The U.S. Environmental Protection Agency's Office of Inspector General recently released its strategic plan for 2019 to 2023. Brian Stansbury and Leah Min of King & Spalding LLP provide insights on several noteworthy aspects, such as how the OIG will hold the EPA accountable for meeting 2019 targets and rely on data and business analytics to meet its goals.
The process of applying for litigation financing isn’t difficult, but few do it right the first time. Following five steps in your application process will help make sure litigation funders are convinced of the value of your company's legal claims, says Molly Pease of Curiam Capital LLC.
Gibson Dunn & Crutcher LLP is the only major U.S. law firm to walk away from its lobbying relationship with Saudi Arabia after growing condemnation of its alleged involvement in a journalist's death, as five other major law firms are keeping quiet about their ties to the Middle Eastern kingdom so far.
The U.S. Supreme Court on Friday issued an order handing over Justice Elena Kagan’s Seventh Circuit assignment, which she had held since 2010, to newly confirmed Justice Brett Kavanaugh.
Delaware lawmakers caused a small stir earlier this month when they confirmed two veteran female attorneys to the state’s Court of Chancery, expanding the nationally important court by two seats while roughly closing the gender gap among its now-seven members for the first time.
Jeanette Manfra, a top cybersecurity and communications official at the U.S. Department of Homeland Security, tells Law360 why she's inviting general counsel to trade information about cyberthreats with her office and discusses the department's plan to secure the upcoming federal and state elections.
Nearly one-third of Labaton Sucharow LLP’s open cases came to the firm through referral arrangements, according to a filing Thursday in Massachusetts federal court, offering a peek behind the curtain as the firm faces scrutiny for a payment to a Texas attorney uncovered in the ongoing State Street settlement fee fight.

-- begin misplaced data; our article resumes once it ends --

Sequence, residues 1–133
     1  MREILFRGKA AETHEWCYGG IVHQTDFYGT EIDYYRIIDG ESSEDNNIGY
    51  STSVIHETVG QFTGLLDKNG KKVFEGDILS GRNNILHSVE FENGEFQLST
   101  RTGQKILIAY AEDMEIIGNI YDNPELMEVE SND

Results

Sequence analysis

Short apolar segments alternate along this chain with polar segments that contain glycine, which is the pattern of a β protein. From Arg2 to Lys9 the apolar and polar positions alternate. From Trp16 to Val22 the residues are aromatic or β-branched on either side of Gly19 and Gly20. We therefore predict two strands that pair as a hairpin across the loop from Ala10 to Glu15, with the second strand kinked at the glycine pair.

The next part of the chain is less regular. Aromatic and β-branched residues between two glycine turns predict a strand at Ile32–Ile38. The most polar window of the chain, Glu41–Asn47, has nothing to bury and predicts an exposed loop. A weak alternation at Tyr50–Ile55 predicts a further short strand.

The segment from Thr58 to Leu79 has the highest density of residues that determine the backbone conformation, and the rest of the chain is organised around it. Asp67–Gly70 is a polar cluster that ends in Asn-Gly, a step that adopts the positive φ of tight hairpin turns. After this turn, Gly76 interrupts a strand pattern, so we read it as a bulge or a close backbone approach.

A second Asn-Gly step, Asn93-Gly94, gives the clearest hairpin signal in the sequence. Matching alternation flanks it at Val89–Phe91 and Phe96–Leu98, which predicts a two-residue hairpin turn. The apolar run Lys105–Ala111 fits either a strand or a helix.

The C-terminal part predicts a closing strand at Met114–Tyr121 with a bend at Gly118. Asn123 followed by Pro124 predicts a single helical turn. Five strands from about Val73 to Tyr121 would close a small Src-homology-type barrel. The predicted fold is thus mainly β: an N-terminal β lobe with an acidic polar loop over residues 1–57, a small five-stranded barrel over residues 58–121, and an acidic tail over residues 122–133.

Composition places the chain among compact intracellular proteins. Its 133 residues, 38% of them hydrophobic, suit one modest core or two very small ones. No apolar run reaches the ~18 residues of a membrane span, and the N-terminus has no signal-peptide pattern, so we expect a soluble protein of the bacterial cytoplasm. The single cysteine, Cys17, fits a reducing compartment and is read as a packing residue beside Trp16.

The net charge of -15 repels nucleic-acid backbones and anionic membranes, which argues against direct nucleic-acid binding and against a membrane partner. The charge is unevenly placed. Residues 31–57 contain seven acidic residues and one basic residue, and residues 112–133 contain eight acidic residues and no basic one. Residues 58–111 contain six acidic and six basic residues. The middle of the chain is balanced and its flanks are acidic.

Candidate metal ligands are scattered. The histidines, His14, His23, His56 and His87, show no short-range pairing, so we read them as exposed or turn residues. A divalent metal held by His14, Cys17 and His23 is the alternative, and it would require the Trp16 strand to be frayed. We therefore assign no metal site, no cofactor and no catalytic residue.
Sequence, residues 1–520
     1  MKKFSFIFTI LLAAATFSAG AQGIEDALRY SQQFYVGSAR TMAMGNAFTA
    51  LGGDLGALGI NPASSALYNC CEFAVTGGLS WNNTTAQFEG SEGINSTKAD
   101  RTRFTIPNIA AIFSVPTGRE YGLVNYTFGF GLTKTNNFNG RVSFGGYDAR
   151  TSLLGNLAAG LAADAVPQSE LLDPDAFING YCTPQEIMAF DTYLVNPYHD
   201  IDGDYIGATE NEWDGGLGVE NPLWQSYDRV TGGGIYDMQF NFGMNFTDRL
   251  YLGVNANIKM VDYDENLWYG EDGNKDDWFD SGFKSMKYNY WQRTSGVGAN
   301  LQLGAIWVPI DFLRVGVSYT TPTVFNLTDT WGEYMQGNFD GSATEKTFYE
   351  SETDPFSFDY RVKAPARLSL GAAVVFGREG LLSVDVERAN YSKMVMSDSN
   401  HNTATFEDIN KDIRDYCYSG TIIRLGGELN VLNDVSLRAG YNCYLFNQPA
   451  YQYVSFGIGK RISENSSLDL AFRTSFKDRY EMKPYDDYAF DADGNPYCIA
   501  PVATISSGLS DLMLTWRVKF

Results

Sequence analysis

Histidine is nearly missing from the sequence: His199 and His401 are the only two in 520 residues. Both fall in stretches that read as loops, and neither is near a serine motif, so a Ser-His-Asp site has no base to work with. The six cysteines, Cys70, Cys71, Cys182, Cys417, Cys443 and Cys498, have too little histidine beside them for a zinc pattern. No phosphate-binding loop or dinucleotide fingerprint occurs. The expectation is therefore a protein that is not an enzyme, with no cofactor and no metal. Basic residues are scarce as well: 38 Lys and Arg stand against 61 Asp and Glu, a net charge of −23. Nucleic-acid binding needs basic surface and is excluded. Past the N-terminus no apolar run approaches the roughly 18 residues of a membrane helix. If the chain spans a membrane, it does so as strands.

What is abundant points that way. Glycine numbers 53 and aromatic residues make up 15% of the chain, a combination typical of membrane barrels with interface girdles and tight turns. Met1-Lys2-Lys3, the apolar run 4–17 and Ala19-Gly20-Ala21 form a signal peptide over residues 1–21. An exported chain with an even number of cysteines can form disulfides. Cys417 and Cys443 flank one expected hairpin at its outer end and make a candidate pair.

A Philadelphia attorney sued his landlord and Starbucks Corp. in state court Thursday over a 2016 flood — allegedly caused by a pipe clogged with coffee grounds from a neighboring coffee shop — that destroyed archived client files kept in the lawyer’s basement storage room.
A personal injury lawyer and her firm have urged the U.S. Supreme Court to review the California Supreme Court's split ruling that reverses an order requiring Yelp Inc. to take down defamatory reviews that a former client posted on the customer review site.
Three separate surveys published recently identified the four firms that general counsel fear the most, revealed one in four professional women working in the legal industry experienced some form of sexual harassment or misconduct in the past five years and showed legal industry has a serious problem with bullying. These are some of the stories in corporate legal news you may have missed in the past week.
The Florida Supreme Court ruled this week that Republican Gov. Rick Scott couldn’t pick three new high court justices in his final hours in office, capping off a strange judicial showdown in the Sunshine State. Carolina Bolado, our senior Florida reporter, joins us on the Pro Say podcast to break it all down.